In fact, studies show a key part of the solution is in our backyard.
A joint report released last week by the Intergovernmental Panel on Climate Change and the Intergovernmental Science-Policy Platform on Biodiversity and Ecosystem Services found that addressing loss of species and diversity of species in environments is essential to fighting climate change.
Efforts to curb species loss doesn’t harm the climate. However, some solutions to sequester carbon or slow warming — such as planting trees in ecosystems that haven’t historically been forests or growing crops for biofuels — can hurt biodiversity and leave environments more vulnerable to the effects of climate change.
Technical efforts to address climate change, such as building dams or sea walls, might temporarily protect specific areas, but they can also hurt the environment.
Rocky outcroppings near goat prairies in southeastern Minnesota’s Driftless Region are prime habitat for timber rattlesnakes. This one, in Houston County, is home to at least one rattler.
In other words, looking at carbon capture and climate change without looking at biodiversity could make the problem worse.
“Changes in biodiversity, in turn, affect climate, especially through impacts on nitrogen, carbon and water cycles,” professor Hans-Otto Pörtner, co-chair of the Scientific Steering Committee, wrote in a summary of the findings.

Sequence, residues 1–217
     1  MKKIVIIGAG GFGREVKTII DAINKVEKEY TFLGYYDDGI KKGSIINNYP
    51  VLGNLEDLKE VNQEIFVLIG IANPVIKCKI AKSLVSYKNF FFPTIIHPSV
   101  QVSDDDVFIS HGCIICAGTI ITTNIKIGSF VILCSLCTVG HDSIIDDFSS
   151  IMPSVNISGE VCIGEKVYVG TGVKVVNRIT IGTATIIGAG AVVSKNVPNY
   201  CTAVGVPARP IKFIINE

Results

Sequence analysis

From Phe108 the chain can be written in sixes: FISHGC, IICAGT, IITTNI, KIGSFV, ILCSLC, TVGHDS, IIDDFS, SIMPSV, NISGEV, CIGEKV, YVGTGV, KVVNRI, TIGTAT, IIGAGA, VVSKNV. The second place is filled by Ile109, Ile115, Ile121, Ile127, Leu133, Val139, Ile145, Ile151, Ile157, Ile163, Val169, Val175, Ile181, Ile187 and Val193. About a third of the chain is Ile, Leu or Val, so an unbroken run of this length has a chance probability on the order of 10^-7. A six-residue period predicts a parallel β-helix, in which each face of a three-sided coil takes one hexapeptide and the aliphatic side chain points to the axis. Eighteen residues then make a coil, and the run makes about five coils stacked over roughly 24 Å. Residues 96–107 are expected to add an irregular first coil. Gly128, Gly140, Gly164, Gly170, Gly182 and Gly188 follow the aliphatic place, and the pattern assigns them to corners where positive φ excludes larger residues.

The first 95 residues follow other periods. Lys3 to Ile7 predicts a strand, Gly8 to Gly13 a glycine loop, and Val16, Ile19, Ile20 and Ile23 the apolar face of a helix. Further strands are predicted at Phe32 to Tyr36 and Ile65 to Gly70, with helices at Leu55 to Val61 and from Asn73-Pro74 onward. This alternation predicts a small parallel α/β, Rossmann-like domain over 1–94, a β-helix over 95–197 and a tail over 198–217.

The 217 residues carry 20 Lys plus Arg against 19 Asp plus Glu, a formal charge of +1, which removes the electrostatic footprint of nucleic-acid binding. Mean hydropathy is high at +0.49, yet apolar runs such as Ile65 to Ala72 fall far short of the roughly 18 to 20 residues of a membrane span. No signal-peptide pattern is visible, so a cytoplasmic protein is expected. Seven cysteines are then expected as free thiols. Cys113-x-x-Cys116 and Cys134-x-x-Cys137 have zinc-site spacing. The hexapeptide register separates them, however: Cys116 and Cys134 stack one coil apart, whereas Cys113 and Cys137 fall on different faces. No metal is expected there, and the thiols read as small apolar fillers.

The studies echo a report last year by The Nature Conservancy that identified areas that will be resilient to climate change due to their ability to host diverse ecosystems.
The Driftless Area has been resilient through multiple ice ages. The region earned its name due to the land formations that are hundreds of millions of years old that have been untouched by glaciers and haven’t filled in with glacial debris, known as “drift.” Some species of animals and plants that existed in the surrounding region but died out during natural cycles of warming and cooling have survived here.
To protect biodiverse areas, they need to first be identified. Minnesota is well on its way in that effort.
The Minnesota Biological Diversity Survey, in collaboration with The Nature Conservancy and the University of Minnesota, is an ongoing Minnesota Department of Natural Resources program to identify native rare plant and animal species and the ecosystems they occupy in the state.
The statewide map of the areas identified as “moderate” to “outstanding” biodiversity show that the bluffs along the Mississippi River and much of Wabasha, Winona and Houston counties host biodiverse ecosystems.
The map shows Northern Minnesota as having significant biodiversity, though many areas there have yet to be surveyed.
Addressing climate change will take multiple efforts and tools. Taking care of the area around us will be a significant tactic.
John Molseed is a tree-hugging Minnesota transplant making his way through his state parks passport. This column is a space for stories of people doing their part (and more) to keep Minnesota green. Send questions, comments and suggestions to email@example.com.